When people try Maple Craft Foods’ bourbon barrel-aged maple syrup for the first time and taste the all-natural sweetness of the Vermont syrup layered with subtle smoke and caramel flavors imparted by aging in bourbon barrels, their reactions are often visceral, Dave Ackert says.
Watching new fans “ooh” and “ah” their way through this tasting is the best part of the job for Ackert, who owns the Newtown-based company along with his wife Eve, father Paul, and friend Bill Begany, of Begany Design.
Bourbon barrel maple is the company’s flagship product, and though it does not contain alcohol, it is the offspring of the burgeoning craft beer and distilling industries in Connecticut.
To make it, Ackert buys spent bourbon barrels from Litchfield Distillery (bourbon must be made in a new charred oak barrel). Ackert can only use each barrel once or twice before the bourbon flavors he needs fade. He sells his used barrels to local breweries, who are eager to age beer in a maple-infused environment. Veracious Brewing Co. in Monroe has made beer from Ackert’s spent maple barrels, and Thimble Island Brewing Co. in Branford used his spent barrels for its barrel-aged pumpkin porter.
Breweries and distilleries routinely trade barrels, and Ackert is happy to be part of the craft world’s barrel-aging food chain. “I’m sort of here in the middle,” he says. “It’s the ultimate recycle-repurpose-reuse tool of the trade for anybody in this craft liquid business.”
In addition to the bourbon maple, Maple Craft offers blueberry and salted caramel flavors. All are made with organic, all-natural ingredients. In 2016 bourbon barrel-aged maple syrup took first place at the 2016 Connecticut Food Association Specialty Food Competition.
The maple syrup can be used on waffles and pancakes, but Ackert encourages more usage: he tops his vanilla ice cream with the salted caramel maple syrup and sings the praises of each flavor as a coffee sweetener. “I’m not really trying to compete with maple syrup, the commodity. I’m really trying to compete with other sweeteners,” he says.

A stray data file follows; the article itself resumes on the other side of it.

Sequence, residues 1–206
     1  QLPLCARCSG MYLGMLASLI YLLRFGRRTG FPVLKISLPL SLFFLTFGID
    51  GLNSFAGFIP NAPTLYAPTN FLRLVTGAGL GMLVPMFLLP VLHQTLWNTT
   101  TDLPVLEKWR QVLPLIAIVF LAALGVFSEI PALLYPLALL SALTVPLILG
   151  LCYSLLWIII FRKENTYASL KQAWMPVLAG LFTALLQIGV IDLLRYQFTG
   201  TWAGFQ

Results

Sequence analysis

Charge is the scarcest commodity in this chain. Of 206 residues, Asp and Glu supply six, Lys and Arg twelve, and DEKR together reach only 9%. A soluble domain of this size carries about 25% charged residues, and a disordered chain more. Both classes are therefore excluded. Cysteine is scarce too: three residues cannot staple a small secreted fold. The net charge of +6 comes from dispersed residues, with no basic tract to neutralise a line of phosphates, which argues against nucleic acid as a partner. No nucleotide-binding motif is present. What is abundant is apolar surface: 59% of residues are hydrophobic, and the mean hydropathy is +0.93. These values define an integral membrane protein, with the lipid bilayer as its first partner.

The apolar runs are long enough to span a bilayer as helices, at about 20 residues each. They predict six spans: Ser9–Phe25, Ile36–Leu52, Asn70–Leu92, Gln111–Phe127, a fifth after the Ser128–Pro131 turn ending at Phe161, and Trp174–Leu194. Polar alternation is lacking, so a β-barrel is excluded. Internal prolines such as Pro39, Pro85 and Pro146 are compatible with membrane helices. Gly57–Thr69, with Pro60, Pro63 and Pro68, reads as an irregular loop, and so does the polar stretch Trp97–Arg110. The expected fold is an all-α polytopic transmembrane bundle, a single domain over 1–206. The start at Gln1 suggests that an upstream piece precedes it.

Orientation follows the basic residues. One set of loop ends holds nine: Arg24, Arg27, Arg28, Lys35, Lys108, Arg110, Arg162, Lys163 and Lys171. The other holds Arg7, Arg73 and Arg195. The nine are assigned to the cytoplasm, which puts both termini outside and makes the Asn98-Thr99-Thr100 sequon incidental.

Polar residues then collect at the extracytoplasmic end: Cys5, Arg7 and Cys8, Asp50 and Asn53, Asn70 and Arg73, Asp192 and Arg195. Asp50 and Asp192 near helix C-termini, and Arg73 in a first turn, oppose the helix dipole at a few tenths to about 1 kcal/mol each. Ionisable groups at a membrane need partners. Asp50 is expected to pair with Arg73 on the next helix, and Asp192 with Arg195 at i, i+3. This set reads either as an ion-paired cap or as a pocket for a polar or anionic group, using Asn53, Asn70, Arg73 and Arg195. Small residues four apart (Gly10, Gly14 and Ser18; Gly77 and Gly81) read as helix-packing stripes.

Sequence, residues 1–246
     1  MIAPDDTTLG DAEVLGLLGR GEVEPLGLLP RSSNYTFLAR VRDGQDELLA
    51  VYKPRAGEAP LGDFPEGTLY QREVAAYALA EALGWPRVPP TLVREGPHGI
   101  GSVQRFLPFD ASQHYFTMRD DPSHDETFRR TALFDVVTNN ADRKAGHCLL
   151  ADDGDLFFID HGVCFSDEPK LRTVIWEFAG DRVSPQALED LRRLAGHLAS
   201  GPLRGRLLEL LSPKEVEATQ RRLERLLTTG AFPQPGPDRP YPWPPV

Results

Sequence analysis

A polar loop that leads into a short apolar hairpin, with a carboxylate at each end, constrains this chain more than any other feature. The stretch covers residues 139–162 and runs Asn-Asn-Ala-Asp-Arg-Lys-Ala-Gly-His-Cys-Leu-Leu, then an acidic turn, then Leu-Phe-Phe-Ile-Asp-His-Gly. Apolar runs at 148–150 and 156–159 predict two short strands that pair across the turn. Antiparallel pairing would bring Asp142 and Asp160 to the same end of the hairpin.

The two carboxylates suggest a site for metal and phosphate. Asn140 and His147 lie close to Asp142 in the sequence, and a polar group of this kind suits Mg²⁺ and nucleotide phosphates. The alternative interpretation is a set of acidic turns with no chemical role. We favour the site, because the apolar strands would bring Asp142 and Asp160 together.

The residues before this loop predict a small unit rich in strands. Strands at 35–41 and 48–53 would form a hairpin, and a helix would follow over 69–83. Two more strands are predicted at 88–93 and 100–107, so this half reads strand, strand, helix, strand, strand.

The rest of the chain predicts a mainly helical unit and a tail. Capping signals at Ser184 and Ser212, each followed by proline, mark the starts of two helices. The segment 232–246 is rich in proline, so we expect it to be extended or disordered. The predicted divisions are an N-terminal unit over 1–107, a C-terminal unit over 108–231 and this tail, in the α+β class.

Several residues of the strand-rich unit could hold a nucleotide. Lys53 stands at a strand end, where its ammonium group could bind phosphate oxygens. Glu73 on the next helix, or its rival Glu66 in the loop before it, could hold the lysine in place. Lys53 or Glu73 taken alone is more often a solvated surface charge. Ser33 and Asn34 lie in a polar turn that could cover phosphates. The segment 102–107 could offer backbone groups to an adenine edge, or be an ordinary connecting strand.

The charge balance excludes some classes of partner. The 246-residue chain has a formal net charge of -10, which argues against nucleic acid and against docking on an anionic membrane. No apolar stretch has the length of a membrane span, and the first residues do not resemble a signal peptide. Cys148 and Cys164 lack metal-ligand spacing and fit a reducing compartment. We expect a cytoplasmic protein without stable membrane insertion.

Ackert was inspired to start the company a few years ago. His wife was offering swim lessons at their house, and when the ice cream truck visited the neighborhood there would be fights between kids and their parents over whether they could get a treat.
At the same time, each winter Ackert and his family were tapping maple trees in their yard and making enough maple syrup to last them the year. Ackert thought this syrup could power an equally tasty but healthier treat than ice cream. Often heralded as a superfood, maple has 65 antioxidants in it and a lower glycemic index than sugar.
With this in mind, Ackert and his partners started Fruple, a line of organic fruit pops powered by maple syrup. But they soon learned people in New England don’t buy ice pops after October and started offering flavored maple syrup in order to have a viable winter product.
Today, Maple Craft Food products are available at many Stop & Shop and Big Y locations in Connecticut and nationally at Cabela’s. You can also find it in specialty shops, including Litchfield Distillery.
Try some free samples at the Springfield On Tap craft beer festival in West Springfield, Massachusetts, on Feb. 3 and the Stamford Museum & Nature Center Maple Festival on March 3-4.
For beer and spirits lovers, this maple syrup is an interesting cousin. “We’re all creating new opportunities for farmers,” Ackert says of the craft liquid world. “We’re creating new uses for farming products. Supporting farming traditions and farming is really important to me.”
Correction: The original version of this story misstated Maple Craft Foods’ connection to Williams Sonoma. The company’s products are not currently available from Williams Sonoma.
This article appeared in the February 2018 issue of Connecticut Magazine.
Did you like what you read here? Subscribe to Connecticut Magazine.